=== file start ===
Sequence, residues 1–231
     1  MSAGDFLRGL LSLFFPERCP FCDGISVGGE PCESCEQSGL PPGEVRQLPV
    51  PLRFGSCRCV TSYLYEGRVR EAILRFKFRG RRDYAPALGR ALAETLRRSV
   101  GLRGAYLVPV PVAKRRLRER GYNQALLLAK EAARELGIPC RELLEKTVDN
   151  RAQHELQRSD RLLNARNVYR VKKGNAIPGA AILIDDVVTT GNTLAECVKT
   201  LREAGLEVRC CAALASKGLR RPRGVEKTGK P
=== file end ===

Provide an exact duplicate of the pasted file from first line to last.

Sequence, residues 1–231
     1  MSAGDFLRGL LSLFFPERCP FCDGISVGGE PCESCEQSGL PPGEVRQLPV
    51  PLRFGSCRCV TSYLYEGRVR EAILRFKFRG RRDYAPALGR ALAETLRRSV
   101  GLRGAYLVPV PVAKRRLRER GYNQALLLAK EAARELGIPC RELLEKTVDN
   151  RAQHELQRSD RLLNARNVYR VKKGNAIPGA AILIDDVVTT GNTLAECVKT
   201  LREAGLEVRC CAALASKGLR RPRGVEKTGK P